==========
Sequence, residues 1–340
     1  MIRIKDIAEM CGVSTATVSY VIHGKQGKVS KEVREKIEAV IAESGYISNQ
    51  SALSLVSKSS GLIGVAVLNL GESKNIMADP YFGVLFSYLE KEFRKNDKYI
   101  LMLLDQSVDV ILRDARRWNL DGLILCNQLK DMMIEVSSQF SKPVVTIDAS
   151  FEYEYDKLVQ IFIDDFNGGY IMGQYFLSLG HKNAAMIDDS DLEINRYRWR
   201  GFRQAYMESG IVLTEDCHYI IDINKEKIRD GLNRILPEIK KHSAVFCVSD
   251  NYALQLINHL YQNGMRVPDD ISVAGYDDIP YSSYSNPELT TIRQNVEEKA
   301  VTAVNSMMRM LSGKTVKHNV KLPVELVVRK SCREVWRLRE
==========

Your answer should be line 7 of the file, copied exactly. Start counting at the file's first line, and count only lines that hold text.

   251  NYALQLINHL YQNGMRVPDD ISVAGYDDIP YSSYSNPELT TIRQNVEEKA